If you don’t have an outdoor run then you need 10 sq. feet of space for each chicken. If you live in a very harsh climate you’ll need that larger inside space as well. 

Overcrowding your chicken flock leads to serious issues:

  • aggression among the chickens
  • Chickens at the bottom of the pecking order may have limited access to food and water. 
  • The coop will get dirtier faster (more bacteria) with an increased risk of parasites making the birds sick. 

A chicken coop also needs: 

  • nesting boxes
  • roosting bars (where chickens perch to sleep)
  • space for a feeder and water
  • vents for air circulation 
  • bedding

Feeding Your Chicken Flock

When it comes to chicken food, chicken lovers preach the four G’s: Grains, Greens, Grit, and Grubs.



Chicken Feed gets your chickens their grains in the form of pellets. This is the largest part of their diet (70%) so it’s important to make sure you’re getting a quality chicken feed!

From birth to 18 weeks chickens need Starter Feed. After 18 weeks, they can move to Layer Feed


Your chicken flock needs access to grass and/or greens every day! This improves their health which improves their eggs! Some greens that are great for chickens are:

  • lettuce
  • chicory
  • chard
  • spinach
  • turnip greens
  • cress
  • rocket
  • mustard greens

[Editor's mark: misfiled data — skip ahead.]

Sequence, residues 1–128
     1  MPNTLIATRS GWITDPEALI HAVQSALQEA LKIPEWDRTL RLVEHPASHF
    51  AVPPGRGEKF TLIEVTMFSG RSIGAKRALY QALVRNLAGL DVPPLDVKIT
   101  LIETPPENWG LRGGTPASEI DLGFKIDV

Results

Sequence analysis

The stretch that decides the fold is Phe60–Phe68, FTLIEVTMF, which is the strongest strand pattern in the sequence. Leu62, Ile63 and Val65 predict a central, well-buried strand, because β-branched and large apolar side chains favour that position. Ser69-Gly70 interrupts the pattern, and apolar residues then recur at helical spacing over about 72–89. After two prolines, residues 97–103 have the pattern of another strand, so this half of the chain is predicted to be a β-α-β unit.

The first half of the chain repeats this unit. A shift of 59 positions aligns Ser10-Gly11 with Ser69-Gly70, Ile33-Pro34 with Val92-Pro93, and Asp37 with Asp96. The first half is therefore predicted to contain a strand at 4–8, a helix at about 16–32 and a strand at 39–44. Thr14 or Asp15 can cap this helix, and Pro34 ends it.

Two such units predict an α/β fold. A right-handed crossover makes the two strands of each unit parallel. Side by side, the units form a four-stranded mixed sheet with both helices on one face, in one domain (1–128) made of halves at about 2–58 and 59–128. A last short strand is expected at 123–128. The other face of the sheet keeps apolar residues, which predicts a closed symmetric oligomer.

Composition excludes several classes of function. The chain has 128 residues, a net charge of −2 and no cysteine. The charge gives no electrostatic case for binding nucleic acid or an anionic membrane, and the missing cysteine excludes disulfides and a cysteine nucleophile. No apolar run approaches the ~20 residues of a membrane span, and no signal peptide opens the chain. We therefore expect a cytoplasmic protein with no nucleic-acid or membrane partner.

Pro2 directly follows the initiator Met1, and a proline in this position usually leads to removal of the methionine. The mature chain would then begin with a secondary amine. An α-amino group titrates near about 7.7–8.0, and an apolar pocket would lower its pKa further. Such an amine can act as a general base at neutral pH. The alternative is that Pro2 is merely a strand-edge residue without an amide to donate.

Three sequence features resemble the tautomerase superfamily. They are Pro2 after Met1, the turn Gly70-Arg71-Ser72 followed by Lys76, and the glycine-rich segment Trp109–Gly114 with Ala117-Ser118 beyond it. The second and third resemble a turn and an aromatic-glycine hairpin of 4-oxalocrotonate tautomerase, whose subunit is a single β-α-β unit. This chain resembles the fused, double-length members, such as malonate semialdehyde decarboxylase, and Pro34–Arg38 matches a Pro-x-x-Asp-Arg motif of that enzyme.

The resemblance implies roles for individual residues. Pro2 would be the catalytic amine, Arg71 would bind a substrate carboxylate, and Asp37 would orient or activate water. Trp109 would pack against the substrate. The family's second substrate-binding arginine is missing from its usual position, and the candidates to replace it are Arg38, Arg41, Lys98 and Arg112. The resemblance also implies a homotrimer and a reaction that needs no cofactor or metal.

• kale
  • clover


Chickens don’t have teeth! They have a gizzard. Chickens need soluble grit year-round to help them digest their food. 

Just like we start digesting our food and breaking it down as we chew, they need this grit to help tear up their food and break it down. Shell grit or crushed oyster shell is what you need for soluble grit (grit that dissolves in the digestive system). This also gives them calcium which is important for strong bones and strong eggshells! 

Free-range chicken flocks are pecking at tiny rocks, pebbles, and sand as they go about their day. This is insoluble grit (grit that doesn’t dissolve) which helps grind food in the gizzard. 


Chicken flocks need access to the outdoors so they can find insects! Let them forage for insects for at least an hour a day. This is a great protein boost as well as a fun time for the chickens! 

chicken flock

Keeping Your Backyard Chickens Safe

You need to secure your coop from predators. Think about overhead predators and neighborhood dogs. 

It’s also important to raise your coop up off the ground. Chickens should be able to fit underneath the coop. This will help keep other animals from living under your coop. 

A well-built coop and smart setup will save you a lot of time and money and give you a happy and healthy chicken flock! 

Are you overwhelmed or excited to learn more? Backyard chickens are a lot of fun and an addition to your household that will keep you busy. But certainly one that gives back!


We are not veterinarians, and none of our information should be construed as veterinary advice.


Before adding any new product, please consult your exotic veterinarian. If your pet is acting unwell and you have concerns for their well being, please contact your vet immediately.